The judge reserved ruling from the bench on Tuesday, but he appeared deeply unconvinced by arguments from Trump’s lead lawyer Todd Blanche that a series of social media posts were just responses to political attacks on Trump and therefore permitted. “Mr Blanche, you’re losing all credibility,” Merchan said.
David Pecker, Trump’s longtime ally and former publisher of the National Enquirer, was on the stand again as a prosecution witness following a brief appearance on Monday following opening statements.
Pecker told the court about being invited to a meeting with Trump and his then lawyer, Michael Cohen, in New York in 2015 after Trump had just declared his candidacy for president and was seeking a friendly and powerful media insider. “I said what I would do is I would run or publish positive stories about Mr Trump and I would publish negative stories about his opponents, and I said that I would also be the eyes and ears,” Pecker told jurors.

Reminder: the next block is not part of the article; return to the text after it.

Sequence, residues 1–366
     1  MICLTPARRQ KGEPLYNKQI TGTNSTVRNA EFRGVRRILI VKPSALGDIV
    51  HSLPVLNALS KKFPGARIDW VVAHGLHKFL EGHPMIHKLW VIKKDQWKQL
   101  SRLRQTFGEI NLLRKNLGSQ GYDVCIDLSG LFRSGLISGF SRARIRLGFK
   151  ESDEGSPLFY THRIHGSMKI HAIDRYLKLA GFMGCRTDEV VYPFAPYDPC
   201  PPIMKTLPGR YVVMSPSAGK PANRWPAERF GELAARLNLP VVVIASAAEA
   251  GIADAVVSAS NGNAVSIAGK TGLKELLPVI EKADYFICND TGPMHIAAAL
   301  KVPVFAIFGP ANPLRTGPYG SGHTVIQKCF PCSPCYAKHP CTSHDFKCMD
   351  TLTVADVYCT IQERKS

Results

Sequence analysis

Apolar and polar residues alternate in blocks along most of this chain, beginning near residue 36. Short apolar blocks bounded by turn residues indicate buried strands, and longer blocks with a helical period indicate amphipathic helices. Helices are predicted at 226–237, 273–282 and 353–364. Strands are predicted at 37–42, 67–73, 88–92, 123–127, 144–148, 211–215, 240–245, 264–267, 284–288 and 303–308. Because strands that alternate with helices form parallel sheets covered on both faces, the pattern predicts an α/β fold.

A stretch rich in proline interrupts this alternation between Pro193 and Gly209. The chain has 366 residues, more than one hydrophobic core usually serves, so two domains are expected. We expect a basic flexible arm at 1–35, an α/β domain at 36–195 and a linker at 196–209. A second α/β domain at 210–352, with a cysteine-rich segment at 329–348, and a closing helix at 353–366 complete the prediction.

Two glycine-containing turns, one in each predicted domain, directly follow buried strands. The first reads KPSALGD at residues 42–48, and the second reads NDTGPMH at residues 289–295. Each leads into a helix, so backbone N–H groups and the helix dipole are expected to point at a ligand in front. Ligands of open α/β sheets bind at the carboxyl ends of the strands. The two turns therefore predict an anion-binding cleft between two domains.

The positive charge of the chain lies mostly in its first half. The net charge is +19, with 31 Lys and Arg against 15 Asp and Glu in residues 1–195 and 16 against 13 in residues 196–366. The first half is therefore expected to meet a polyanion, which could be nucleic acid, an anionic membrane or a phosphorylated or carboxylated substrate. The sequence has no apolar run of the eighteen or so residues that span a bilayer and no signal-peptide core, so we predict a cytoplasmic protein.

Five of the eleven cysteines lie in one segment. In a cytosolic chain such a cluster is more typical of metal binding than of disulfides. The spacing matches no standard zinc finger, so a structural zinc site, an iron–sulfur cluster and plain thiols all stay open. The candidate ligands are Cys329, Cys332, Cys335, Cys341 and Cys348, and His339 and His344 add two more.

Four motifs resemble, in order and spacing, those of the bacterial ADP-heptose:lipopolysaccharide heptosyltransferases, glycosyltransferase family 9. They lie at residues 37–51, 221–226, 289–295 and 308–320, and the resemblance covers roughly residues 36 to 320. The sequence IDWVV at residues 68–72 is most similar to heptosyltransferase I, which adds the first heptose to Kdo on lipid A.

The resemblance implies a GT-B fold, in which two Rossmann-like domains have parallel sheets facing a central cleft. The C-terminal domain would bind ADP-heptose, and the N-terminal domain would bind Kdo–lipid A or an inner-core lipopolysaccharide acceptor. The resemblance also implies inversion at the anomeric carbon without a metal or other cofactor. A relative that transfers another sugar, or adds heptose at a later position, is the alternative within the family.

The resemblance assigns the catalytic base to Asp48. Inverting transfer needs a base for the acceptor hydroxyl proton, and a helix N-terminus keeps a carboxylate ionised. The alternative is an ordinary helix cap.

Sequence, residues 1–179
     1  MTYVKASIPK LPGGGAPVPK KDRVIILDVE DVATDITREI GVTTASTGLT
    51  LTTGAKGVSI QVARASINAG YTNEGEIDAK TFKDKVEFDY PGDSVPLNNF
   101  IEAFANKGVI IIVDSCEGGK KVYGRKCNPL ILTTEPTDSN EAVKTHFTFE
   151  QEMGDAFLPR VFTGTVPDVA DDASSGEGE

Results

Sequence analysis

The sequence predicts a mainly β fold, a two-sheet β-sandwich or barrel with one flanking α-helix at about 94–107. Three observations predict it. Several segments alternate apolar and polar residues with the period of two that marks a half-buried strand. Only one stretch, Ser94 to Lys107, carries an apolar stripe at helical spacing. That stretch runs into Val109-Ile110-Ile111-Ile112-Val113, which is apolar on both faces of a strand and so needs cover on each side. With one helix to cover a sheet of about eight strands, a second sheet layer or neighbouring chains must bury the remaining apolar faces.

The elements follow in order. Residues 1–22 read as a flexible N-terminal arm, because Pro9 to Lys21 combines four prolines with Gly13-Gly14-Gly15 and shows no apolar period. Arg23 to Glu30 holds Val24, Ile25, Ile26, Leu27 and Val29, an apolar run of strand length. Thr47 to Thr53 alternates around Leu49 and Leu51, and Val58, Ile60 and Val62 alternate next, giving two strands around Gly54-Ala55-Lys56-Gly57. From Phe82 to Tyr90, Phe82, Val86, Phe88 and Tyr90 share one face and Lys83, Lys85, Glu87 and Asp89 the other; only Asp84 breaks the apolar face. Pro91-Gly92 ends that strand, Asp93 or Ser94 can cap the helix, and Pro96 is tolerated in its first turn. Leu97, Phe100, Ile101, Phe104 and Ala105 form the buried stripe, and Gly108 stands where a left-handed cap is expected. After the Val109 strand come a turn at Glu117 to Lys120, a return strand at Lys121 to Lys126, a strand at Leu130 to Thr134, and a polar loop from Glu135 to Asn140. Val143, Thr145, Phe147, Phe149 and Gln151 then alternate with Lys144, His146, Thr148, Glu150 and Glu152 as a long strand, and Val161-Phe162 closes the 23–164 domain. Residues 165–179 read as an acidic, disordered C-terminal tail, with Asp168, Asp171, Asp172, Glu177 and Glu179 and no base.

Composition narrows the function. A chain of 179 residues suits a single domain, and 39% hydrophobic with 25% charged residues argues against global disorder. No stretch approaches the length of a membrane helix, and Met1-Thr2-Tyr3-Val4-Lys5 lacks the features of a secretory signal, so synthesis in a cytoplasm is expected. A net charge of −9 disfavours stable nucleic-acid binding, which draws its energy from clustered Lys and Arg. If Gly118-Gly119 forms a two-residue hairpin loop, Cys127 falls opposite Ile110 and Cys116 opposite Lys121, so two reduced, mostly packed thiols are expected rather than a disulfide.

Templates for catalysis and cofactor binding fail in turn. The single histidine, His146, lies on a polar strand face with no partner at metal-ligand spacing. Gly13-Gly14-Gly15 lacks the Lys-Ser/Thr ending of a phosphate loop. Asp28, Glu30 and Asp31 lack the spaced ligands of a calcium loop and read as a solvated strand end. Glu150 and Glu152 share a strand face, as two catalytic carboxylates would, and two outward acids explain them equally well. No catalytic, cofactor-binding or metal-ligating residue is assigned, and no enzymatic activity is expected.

Pecker said he had a “great relationship” with Trump over the years and considered him a “friend”, describing the former president as “very detail-oriented … almost micromanaging”.
Pecker discussed the first of three “catch and kill” schemes, involving negative stories for Donald Trump that prosecutors allege he suppressed to help Trump’s campaign. The first involved a former Trump Tower doorman, Dino Sajudin, who alleged that Trump fathered illegitimate children. Pecker testified that he negotiated to pay $30,000 for the story, and that Cohen told him that “the boss”, referring to Trump, was “very pleased”.
Pecker also began to discuss Karen McDougal, a Playboy model who alleged that she had an affair with Trump. McDougal is expected to take the witness stand during this trial.
The court adjourned early at 2pm ET for the Passover holiday. The trial is not being held on Wednesday and is set to resume on Thursday.
Key characters and factsKey characters and facts
Trump hush-money trial status: Trump pleaded not guilty; trial began 15 April 2024.Trump hush-money trial status: Trump pleaded not guilty; trial began 15 April 2024.
Charges: 34 felony charges of falsifying business records.Charges: 34 felony charges of falsifying business records.